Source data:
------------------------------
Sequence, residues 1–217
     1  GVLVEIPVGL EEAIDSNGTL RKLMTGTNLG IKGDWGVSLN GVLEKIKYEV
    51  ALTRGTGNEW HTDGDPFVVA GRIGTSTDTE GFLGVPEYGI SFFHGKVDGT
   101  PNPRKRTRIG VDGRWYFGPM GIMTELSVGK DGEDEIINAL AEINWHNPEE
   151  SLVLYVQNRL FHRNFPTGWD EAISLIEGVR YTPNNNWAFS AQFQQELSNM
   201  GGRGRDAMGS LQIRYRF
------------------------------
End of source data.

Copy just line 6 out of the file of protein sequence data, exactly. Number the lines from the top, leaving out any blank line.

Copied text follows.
   201  GGRGRDAMGS LQIRYRF